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Anthropogenic environmental changes, such as global land use and land cover change, driven by rapid human population growth and increasing demand for agricultural and forest products, are impacting the balance of the Earth system. This meeting will highlight the causes of land use and land cover change, investigate the impacts on biodiversity loss, ecosystem functioning and ecosystem services, and explore how non-market and public benefits, including wildlife conservation, can be incorporated into land-use planning.Find out more »
Economic growth has undoubtedly improved human livelihoods yet has equally convincingly had negative effects on the environment. Scientists are considering introducing a new geologic epoch, the Anthropocene, to capture humanity’s impact on Earth’s ecosystems. . This debate will bridge developmental and ecological economics with political and environmental science to explore how humanity can manage economic growth and biodiversity conservation.Find out more »
Freshwater ecosystems are essential to life on earth yet they receive little conservation attention and these efforts are poorly resourced. The meeting will highlight the importance of the integrity of the freshwater environment and the associated biodiversity by using three species-focussed case studies.Find out more »
Good communication between policy makers and scientists is a crucial requirement for developing policies that cost-effectively achieve measurable outcomes in conservation. Yet science and other forms of knowledge are not used effectively in policymaking; and policymakers do not always effectively inform scientists about their needs for scientific knowledge. Why is this so?
This event will bring together ecologists, conservation practitioners and policy-makers to discuss case-studies showing how science – policy interactions work in practice.
Former Poet Laureate Andrew Motion considers the seahorse – a creature with a rich mythical history, whose existence is beautiful, mysterious, and yet precarious. The event will also feature a ZSL aquarist talking about seahorse habits and husbandry and a ZSL conservationist working on Project Seahorse supporting species and marine habitats worldwide.Find out more »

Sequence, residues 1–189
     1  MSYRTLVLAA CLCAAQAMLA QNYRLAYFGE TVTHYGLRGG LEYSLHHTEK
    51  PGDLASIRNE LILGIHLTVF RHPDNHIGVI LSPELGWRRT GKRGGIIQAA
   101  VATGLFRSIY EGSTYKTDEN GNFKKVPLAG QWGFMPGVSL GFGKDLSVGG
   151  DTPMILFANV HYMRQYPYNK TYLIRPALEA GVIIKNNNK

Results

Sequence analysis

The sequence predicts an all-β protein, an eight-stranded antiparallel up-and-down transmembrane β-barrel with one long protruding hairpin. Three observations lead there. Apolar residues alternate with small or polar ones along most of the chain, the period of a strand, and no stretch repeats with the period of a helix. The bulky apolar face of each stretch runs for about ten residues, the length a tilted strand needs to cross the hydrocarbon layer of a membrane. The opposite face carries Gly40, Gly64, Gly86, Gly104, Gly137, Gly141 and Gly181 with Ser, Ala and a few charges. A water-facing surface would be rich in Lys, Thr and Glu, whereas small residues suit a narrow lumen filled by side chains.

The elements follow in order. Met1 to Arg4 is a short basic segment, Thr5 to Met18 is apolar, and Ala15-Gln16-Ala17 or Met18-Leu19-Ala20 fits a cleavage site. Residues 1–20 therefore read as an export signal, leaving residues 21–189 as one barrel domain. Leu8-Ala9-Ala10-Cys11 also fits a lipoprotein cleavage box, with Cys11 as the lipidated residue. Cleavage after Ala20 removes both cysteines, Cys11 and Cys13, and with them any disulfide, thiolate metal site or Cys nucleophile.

Over the last 50 years, an increasing number of wild animal translocations have been undertaken for conservation purposes. This two-day symposium will review the impact of disease on species restoration through translocation, and consider lessons learned to guide effective planning and implementation of future translocation projects.Find out more »
Long-term insect surveillance initiatives, such as the Rothamsted Insect Survey and the UK Butterfly Monitoring Scheme, allow ongoing assessments of the conservation status of large numbers of insect species against a background of increasing environmental change. This meeting will highlight the key findings from long-term insect surveys, including a 50-year monitoring project for British moths and butterflies.Find out more »
Like the idea of Science Showoff but wish there were more animals? You’re in luck! Animal Showoff is a special series of charity fundraising gigs we run with zoos, natural history museums and animal-lovers. Come and hear experts in every type of fauna make funny about the animals they know and love. Or hate. 9TH SEPTEMBER – ZSL education centre Join us for a night of vulture conservation, raising money to keep these stalwarts of portentous shots from westerns (the…Find out more »
Chaired by Poet and ZSL Council member Ruth Padel Professor Dave Goulson author of Sunday Times bestseller A Sting in the Tale and 2014’s A Buzz in the Meadow joins a ZSL Bee Keeper in ZSL London Zoo B.U.G.S to talk on bees, their significance, the threats they face, and why they are The Bees Knees. For more information on Dave Goulson: https://twitter.com/davegoulson The event begins with a drinks reception at 6pm Books will be available to buy and sign courtesy of…Find out more »
Hosted by the Zoological Society of London. 24th September 2015 9.30-6pm Organised by ZSL, Imperial College's Grand Challenges in Ecosystems and the Environment initiative, and the Centre for Biodiversity and Environment Research, UCL. London is not just a world-class capital city, leading the way in finance and politics, the arts and culture, but its landscape is recognised as amongst one of the world's most important urban habitats; green, blue and open spaces comprise over 60% of the city. London has over 1,300…Find out more »
Could beavers be successfully re-established in Britain and what affect would they have on local biodiversity? Beavers are ecosystem engineers which, by building dams and channels, create and maintain wetlands. Through these activities, beavers have the potential to increase local biodiversity, reduce downstream flooding, and improve water quality. In Britain, beavers were hunted to extinction hundreds of years ago. Recent interest in rewilding has led to a number of small-scale beaver restoration projects. The outcomes of these projects, combined with…Find out more »